The band's frontman James Johnston has even collaborated with Nick Cave and become one of his Bad Seeds. They are a band who are undeniably cool yet lack the media attention they deserve.

Critics claim that GD do little more than 'rip-off' the style of Nick Cave but they are wrong, these bands are two completely seperate entities. Whilst Nick Cave's music is angry, agressive and heavily layered, GD's music is dark with an electric atmosphere.

Draggin' Along is one of the first songs they wrote and my absolute favourite, it shows just what this band were capable of right at the outset. It's a song which makes your heart beat at an unsteady rythmn as the sound courses through your veins. The melody is in the lyrics which are broken up by bursts of screechy, distorted guitar improvisation and while the drum beat is simple, it holds the song together and keeps the entire sound tight - it is the constant.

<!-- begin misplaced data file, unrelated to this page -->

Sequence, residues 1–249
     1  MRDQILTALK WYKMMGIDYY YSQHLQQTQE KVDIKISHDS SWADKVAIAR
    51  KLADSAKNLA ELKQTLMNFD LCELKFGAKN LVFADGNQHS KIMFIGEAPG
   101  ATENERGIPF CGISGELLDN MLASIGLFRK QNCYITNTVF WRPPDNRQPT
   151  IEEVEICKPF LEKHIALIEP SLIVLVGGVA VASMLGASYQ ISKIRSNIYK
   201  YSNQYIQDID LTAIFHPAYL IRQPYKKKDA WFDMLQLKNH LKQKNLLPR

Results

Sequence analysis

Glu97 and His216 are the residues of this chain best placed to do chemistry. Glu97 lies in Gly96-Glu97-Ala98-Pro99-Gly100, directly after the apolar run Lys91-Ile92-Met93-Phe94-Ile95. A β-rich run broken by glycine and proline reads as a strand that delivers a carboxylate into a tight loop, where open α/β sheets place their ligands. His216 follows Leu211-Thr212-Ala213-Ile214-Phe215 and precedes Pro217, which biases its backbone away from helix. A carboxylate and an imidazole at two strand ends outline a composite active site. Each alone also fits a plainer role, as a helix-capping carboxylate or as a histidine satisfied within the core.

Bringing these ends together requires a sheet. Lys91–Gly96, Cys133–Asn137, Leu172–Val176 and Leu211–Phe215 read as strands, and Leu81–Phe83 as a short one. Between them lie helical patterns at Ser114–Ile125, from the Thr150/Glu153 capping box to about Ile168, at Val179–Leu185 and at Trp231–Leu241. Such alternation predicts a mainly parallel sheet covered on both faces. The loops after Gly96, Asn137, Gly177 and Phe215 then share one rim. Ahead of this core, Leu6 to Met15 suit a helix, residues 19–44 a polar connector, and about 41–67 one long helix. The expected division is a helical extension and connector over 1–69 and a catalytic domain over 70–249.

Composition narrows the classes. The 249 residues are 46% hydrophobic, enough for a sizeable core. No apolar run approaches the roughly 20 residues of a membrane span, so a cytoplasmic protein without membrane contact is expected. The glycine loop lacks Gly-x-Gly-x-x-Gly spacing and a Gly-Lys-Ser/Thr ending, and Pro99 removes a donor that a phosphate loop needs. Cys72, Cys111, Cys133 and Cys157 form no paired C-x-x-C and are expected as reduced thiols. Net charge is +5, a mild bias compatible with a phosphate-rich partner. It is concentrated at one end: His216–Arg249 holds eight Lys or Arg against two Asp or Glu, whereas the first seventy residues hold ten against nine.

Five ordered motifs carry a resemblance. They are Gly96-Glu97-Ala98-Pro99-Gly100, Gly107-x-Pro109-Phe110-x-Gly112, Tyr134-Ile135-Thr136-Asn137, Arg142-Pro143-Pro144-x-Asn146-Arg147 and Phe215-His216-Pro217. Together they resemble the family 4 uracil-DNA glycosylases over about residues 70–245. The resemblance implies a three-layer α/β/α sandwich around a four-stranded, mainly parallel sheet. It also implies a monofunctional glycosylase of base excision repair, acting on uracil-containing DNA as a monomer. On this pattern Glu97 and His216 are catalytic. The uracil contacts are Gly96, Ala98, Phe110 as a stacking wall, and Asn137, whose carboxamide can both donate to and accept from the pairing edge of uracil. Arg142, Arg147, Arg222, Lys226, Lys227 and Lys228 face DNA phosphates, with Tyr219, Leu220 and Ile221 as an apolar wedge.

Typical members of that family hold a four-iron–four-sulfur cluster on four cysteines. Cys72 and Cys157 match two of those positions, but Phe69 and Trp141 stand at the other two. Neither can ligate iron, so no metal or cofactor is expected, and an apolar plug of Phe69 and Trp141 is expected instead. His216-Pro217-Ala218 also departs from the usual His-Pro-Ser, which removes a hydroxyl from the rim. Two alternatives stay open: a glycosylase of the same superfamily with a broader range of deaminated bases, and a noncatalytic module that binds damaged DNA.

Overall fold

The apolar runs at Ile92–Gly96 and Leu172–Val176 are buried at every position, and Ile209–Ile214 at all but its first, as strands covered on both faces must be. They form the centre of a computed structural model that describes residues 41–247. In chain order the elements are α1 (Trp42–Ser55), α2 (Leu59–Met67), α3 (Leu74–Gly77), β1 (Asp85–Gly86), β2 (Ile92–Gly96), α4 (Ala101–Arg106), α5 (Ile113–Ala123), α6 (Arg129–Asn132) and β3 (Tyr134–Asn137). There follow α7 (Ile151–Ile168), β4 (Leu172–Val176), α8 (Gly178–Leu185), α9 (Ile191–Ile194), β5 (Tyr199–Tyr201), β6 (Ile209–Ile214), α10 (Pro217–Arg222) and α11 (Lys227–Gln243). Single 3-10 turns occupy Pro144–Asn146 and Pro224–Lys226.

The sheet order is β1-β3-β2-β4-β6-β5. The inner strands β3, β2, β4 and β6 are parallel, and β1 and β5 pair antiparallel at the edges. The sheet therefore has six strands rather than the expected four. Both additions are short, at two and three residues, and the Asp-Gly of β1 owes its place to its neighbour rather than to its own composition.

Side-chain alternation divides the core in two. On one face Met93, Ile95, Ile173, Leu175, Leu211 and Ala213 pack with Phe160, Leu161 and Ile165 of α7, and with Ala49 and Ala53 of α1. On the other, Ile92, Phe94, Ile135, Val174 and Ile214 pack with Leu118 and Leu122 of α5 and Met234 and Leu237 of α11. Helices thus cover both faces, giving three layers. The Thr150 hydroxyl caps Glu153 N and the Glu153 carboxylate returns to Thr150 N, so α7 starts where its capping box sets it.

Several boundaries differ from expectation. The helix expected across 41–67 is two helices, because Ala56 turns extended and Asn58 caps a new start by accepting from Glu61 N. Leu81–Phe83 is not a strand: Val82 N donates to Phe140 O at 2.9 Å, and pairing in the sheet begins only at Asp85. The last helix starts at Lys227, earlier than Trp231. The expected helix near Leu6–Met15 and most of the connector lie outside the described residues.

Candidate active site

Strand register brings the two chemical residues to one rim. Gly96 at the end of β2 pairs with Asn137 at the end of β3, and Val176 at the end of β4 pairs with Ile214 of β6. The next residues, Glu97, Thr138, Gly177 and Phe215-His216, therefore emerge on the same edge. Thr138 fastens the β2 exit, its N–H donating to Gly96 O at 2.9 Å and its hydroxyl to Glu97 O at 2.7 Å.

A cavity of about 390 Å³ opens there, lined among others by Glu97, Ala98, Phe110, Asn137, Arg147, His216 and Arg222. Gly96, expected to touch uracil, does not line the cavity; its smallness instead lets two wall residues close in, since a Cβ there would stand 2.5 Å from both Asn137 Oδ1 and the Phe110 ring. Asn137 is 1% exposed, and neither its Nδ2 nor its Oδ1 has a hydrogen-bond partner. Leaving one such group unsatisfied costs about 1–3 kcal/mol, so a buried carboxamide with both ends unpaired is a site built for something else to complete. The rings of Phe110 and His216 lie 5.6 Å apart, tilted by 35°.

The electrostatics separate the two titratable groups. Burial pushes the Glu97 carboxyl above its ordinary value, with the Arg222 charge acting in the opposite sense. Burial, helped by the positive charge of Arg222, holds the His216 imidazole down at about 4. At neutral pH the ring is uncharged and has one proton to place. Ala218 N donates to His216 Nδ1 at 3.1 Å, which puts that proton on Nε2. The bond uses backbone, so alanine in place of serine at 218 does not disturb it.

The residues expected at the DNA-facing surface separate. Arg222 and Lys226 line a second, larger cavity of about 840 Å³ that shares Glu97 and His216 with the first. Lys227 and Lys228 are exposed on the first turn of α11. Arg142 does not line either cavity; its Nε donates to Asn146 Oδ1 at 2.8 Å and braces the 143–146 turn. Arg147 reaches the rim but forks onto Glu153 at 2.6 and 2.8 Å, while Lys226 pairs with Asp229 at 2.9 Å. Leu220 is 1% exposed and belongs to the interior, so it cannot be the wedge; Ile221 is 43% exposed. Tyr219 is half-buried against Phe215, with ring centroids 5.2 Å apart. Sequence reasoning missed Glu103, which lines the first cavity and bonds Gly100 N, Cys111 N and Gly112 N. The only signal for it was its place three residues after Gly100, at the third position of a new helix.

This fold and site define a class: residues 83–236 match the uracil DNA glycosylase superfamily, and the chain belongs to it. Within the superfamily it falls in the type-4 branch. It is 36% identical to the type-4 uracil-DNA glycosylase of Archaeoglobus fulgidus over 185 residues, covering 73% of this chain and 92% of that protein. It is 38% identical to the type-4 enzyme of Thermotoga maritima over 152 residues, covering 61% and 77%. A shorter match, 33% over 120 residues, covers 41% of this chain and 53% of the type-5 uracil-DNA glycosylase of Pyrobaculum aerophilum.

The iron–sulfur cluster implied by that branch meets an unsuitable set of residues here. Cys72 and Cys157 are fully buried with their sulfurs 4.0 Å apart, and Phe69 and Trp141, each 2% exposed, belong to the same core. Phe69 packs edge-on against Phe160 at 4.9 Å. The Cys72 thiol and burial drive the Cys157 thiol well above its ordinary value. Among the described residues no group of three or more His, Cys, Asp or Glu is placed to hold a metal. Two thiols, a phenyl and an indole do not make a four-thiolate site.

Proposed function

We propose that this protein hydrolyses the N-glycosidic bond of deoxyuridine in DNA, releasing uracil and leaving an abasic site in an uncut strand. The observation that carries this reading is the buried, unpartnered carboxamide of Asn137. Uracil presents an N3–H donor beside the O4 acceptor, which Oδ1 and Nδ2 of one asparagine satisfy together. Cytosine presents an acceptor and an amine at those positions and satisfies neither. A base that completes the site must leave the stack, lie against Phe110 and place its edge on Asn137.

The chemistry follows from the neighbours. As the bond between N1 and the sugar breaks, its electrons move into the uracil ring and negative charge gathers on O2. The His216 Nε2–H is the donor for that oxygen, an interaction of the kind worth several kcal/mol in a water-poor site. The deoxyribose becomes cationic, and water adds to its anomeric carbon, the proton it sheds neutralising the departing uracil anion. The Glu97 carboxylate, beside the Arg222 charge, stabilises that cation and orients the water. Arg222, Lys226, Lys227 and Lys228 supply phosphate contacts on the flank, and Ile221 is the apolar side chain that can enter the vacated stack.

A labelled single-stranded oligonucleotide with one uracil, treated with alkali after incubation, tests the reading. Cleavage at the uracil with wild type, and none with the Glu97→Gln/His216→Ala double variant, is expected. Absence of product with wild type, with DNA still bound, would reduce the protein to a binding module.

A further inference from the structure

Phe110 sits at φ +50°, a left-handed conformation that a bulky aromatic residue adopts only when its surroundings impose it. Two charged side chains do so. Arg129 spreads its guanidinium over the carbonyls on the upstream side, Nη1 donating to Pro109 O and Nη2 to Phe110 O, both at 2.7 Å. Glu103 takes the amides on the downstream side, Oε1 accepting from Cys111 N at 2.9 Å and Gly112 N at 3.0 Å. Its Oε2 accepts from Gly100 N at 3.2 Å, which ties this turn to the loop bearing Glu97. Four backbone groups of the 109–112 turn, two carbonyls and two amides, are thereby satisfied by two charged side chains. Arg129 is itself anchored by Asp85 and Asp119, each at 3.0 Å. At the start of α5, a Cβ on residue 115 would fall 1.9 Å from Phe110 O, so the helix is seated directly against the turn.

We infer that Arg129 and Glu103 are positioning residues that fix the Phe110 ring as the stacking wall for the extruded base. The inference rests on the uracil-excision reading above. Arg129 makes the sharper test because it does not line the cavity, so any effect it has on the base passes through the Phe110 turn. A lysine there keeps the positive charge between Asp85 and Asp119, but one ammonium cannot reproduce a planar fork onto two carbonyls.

Their most recent single Grand Union Canal is a slightly more obvious song, as it is gentler and less obscure but that doesn't make it any less brilliant. Unlike many bands, Gallon Drunk have the capacity to write a song which appeals to a larger audience without becoming completely mainstream. They are unique and they want to keep it that way.

They're a band who have been around a long time, which makes me think that they must be doing something right but all I can recommend to you, is that you go and listen for yourself!

Saturday, 10 January 2009

As on Dazed and Confused (by Me)

Living in London for fifteen years, I grew up in an area where music has a very strong cultural impact. It gives people a sense of identity, the music you listen to has an impact the clothes you wear, the way you speak and the way you behave in society in general. London is strongly divided by this musical culture and anyone would be a fool to say that they can’t see it. The way youths dress today derives strongly from what bands they like. This might seem quite a dated way to judge people but it’s not; it makes sense. Having come from such a strong cultural background I was somewhat sceptical about the kind of music I would find when I moved to rural France. However, I quickly learnt that if anything, French kids know more about what they are doing than the mainstream music reviewers give them credit for.